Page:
February 18, 2015
The Honorable Nathan Deal, Governor
The Honorable David Schafer, Senate President Pro Tempore
The Honorable David Rolston, Speaker of the House
Georgia State Capitol
Atlanta, Georgia 30334
Dear Governor Deal, President Pro Tempore Shafer, and Speaker Rolston:
As leaders of organizations committed to advancing equality for lesbian, gay, bisexual, and transgender (LGBT) people, we are writing to express our serious concerns about Georgia House Bill 218, the “Preventing Government Overreach on Religious Expression Act.” As drafted, this legislation invites and legitimizes further discrimination of lesbian, gay, bisexual and transgender people.
Last year, legislation similar to HB 218 passed the Arizona legislature but was vetoed by former Governor Jan Brewer following an outcry from businesses, sports organizations, and LGBT advocates. At the heart of this outcry was a simple message: Arizona should be open and welcoming to all people, including lesbian, gay, bisexual and transgender people.
The passage of HB 218 or a similar measure will send a loud message across the country that Georgia is an unwelcoming place for LGBT Americans. Such a message threatens the state’s ability to recruit and retain the best and brightest workers, secure corporate relocations that spur the economy, support innovative entrepreneurship, and further develop its thriving travel and tourism industry. All of us have organizational members in Georgia; like them, we want Georgia’s brand to remain welcoming to all.
Freedom of religion is one of our most fundamental rights as Americans. That’s why it’s protected in the state and federal constitution. But that freedom does not give any of us the right to harm or discriminate against others.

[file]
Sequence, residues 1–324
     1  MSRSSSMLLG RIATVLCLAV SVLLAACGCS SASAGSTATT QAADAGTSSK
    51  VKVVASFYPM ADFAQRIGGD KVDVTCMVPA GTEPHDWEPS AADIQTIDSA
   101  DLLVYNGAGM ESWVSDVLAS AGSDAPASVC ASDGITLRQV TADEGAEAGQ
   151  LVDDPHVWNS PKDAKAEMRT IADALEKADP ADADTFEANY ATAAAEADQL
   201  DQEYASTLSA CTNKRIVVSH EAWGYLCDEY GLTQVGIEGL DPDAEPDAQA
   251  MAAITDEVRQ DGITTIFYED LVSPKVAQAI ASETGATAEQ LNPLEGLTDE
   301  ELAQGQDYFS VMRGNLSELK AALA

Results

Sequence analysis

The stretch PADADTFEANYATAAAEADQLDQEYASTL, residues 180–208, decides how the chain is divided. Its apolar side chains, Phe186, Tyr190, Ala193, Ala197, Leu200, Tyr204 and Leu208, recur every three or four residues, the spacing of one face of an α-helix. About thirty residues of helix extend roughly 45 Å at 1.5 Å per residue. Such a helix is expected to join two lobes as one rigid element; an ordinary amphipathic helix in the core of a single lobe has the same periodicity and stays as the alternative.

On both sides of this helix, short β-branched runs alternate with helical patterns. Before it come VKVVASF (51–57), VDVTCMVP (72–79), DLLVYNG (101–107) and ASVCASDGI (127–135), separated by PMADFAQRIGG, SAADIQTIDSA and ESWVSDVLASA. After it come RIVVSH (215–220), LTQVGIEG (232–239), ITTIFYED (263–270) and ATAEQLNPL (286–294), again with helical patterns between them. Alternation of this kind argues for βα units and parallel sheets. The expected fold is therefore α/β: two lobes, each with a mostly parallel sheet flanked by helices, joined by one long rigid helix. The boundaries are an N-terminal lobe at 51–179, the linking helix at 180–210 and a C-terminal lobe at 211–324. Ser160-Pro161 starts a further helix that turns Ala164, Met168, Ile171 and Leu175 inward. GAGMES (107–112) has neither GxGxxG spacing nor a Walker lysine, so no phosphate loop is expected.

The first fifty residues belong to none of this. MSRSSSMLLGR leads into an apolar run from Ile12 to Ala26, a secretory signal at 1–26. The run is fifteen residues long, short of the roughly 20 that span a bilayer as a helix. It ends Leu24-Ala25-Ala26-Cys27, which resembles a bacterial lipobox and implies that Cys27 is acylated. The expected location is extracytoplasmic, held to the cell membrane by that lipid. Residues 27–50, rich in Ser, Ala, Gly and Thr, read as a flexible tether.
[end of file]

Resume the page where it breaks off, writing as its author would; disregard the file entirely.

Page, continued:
One of the very real consequences of HB 218, as it’s currently written, is that it opens the door to increased discrimination against LGBT Georgians—by both individuals and corporations.
If enacted, government employees could refuse to serve lesbian, gay, bisexual and transgender people. A homeless shelter that receives government funding to provide social services could refuse shelter to same-sex couple by saying it goes against its religious beliefs. A guidance counselor could refuse to help a transgender teenager by saying it goes against her religious beliefs. Government officials who have sworn an oath to serve the public shouldn’t be able to pick and choose who they’re going to serve based on their religious beliefs—but HB 218 could allow them to do just that.
HB 218 could also allow businesses and corporations to discriminate; unless the bill explicitly states that it does not apply to for-profit entities, O.C.G.A. § 1-2-1 and decisions of the Georgia Supreme Court—which define a “person” to include corporations and businesses—will apply. Thus, a hotel owner could point to HB 218 as justification for refusing to provide a room to a same-sex couple. A restaurant could deny service to a group of LGBT patrons. A hospital could refuse to provide medical care or information to a transgender person. Businesses that are open to the public should be open to everyone on the same terms, including to customers who are lesbian, gay, bisexual or transgender—but HB 218 could open the door to businesses refusing service to someone simply because of who they are or who they love.